It was a comeback for the ages for Hungary’s Tamas Lendvai, who came out victorious in Event #57: $600 Deep Stack Championship No-Limit Hold’em at the 2022 World Series of Poker at Bally’s and Paris Las Vegas, topping the field of 4,913 players, who generated a prize pool of $2,505,630.
Lendvai will take home a cash of $299,464 and the first WSOP bracelet of his career for his efforts. He defeated German Frank Reichel in heads-up play to capture the hardware.
Event #57: $1,000 Deep Stack Championship No-Limit Hold'em Final Table Results
|3||Jon Van Fleet||United States||$138,149|
|4||Alex Jim||United States||$103,994|
|5||Daniel Marcus||United States||$78,793|
|6||Abdullah Alshanti||United States||$60,196|
|9||John Ypma||United States||$28,129|
Lendvai entered Day 4 as the smallest stack on the table, at 7,800,000, less than eight big blinds. He managed to run his stack up and capture the title in just two hours, with the final hand being dealt just before the players would have otherwise gone on their first break of the day. He did so thanks to his aggressive play, frequently applying pressure by moving all in, slowly building his stack when most of his jams received no callers, and by having the goods when he did get a caller.
After the final card hit the felt and Lendvai had locked up the championship, he was overcome with emotion. After yelling and celebrating briefly with his rail, he collapsed to the ground with his face in his hands before pumping his fists in the air in pure bliss.
His supporters quickly climbed over the rail to celebrate with him.
After the excitement calmed down a bit, he told PokerNews about what this win meant to him, in a teary eyed, emotional interview.
“Since I’ve been playing poker I’ve been dreaming about this moment so what can I say… It means the world. It means everything and more for me and for my family.” He went on to give more context behind why his reaction was as emotional as it was, “I did this for my dad, who's battling cancer now. Dad, let’s do it.”
Lendvai, who has been playing competitively for well over a decade, with cashes dating back to 2007, finally broke through to capture his first career bracelet, doing so for his family. Some of whom were on the rail supporting him throughout, including his wife, his son, and several close friends.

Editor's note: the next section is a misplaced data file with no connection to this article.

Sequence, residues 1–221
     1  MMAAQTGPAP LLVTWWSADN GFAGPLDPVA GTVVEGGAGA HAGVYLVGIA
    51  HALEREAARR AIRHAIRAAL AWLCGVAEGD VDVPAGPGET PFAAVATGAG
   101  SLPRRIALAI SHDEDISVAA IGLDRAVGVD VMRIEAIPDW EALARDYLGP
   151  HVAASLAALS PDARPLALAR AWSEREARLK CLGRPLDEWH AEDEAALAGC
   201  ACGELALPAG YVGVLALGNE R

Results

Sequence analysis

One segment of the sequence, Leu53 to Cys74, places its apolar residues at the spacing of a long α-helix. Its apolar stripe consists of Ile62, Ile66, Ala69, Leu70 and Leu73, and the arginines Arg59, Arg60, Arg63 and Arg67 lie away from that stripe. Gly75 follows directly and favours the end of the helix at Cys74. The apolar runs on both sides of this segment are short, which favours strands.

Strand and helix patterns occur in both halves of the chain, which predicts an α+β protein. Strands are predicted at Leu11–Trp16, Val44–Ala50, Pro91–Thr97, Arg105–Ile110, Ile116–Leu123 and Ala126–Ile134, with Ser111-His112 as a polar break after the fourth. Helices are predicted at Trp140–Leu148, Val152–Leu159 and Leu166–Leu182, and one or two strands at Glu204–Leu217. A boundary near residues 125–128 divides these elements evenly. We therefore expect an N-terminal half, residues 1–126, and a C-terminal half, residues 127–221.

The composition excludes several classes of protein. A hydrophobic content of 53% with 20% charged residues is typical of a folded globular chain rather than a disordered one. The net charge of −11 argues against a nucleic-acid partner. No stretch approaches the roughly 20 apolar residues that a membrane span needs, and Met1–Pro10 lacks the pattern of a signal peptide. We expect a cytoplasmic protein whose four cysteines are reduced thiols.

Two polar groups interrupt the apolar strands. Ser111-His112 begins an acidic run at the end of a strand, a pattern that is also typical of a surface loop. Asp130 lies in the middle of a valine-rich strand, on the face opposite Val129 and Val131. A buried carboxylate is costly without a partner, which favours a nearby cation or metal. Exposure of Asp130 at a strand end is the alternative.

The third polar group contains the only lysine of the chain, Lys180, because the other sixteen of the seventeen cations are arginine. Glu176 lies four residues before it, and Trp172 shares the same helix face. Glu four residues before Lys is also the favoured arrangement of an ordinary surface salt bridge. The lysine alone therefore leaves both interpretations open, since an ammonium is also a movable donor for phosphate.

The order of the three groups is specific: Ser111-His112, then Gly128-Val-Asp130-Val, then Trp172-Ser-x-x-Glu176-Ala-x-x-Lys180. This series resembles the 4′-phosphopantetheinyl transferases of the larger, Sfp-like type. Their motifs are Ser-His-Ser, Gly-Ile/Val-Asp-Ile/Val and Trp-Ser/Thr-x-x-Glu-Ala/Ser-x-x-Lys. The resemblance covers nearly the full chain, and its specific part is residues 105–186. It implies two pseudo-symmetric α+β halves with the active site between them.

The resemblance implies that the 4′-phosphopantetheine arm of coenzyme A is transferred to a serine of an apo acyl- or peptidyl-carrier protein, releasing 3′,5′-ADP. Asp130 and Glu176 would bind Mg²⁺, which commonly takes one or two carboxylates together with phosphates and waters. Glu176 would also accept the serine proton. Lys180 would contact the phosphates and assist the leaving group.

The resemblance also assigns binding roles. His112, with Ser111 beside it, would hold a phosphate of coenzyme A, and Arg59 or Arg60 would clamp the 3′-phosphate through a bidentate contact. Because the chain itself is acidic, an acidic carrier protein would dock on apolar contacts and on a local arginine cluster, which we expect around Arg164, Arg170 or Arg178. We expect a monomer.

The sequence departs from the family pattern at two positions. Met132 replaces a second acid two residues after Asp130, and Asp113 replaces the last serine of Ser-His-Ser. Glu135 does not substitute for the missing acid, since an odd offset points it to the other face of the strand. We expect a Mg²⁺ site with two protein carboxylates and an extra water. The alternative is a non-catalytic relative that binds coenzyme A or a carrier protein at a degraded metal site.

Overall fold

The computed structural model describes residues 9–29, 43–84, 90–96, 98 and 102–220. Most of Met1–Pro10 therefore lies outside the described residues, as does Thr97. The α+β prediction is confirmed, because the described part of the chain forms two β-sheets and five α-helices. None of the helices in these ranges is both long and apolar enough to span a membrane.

Other notable deep runs included online player Jon “apestyles” Van Fleet (Third - $138,149), four time bracelet winner Jeremy Ausmus (14th - $14,119), and 2019 Main Event finalist Nick Marchington (15th - $14,119).
Final Table Action
Day 2 chip leader John Ypma was the first to fall from the proper final table, finishing in 9th place. Ypma had the second biggest stack when the field reached ten remaining players, but he lost a chunk after his queens were busted by Reichel’s trip jacks. He later doubled up Tsuf Saltsberg after losing a flip, which left him with a half of a big blind. He’d be eliminated once he got into the big blind, as his ten-deuce was no good.
Israeli Tamir Saidman was the next to fall, after running his jacks into Abdullah Alshanti’s ace king. Alshanti paired his king on the turn, and Saidman was eliminated.
When action resumed on Day 4, it was Saidman’s fellow Israeli Saltsberg who was the first knockout of the day. After doubling up Daniel Marcus and Reichel, who busted Saltsberg’s aces by flopping trip tens, his stack was down to just over a single big, and Lendvai knocked him out a few hands later with a flush.
Lendvai picked up his second knockout of the day when Alshanti ran his queens into Lendvai’s aces, knocking out Alshanti in 6th place. Lendvai then eliminated Marcus in fifth place by winning a flip with pocket fives, putting him in the chip lead, which he never relinquished.
Alex Jim, who entered the day as the big stack, was the next to leave the table for a fourth place finish, after Van Fleet flopped top pair against him and he was unable to improve.
The stage seemed set for Van Fleet and Lendvai to duke it out in heads-up play, as the two were both over 60,000,000, while Reichel had only around 20,000,000. That was until Van Fleet jammed with ace-ten in the small blind, while Lendvai woke up with pocket aces in the big blind. His aces held, and Van Fleet was eliminated in third place.
Later, Lendvai would go on to attribute some of his success to Van Fleet, telling PokerNews, “I know it’s only 140 bigs in play, so I can put pressure even with 10 big blinds. Ape [Jon “apestyles” Van Fleet], who was on the final table, he was the only one who knew what I was doing, I learned from his videos so shout out to him too.”
Heads-up play lasted only around 20 minutes. Reichel did manage to score a double up early, but Lendvai took down the championship when he flopped top pair and improved to trips on the river to beat Reichel’s king high.
"I'm the short stack most of the time," Lendvai told PokerNews with a laugh. "So I know what to do with the short stack. Obviously it's a dream come true."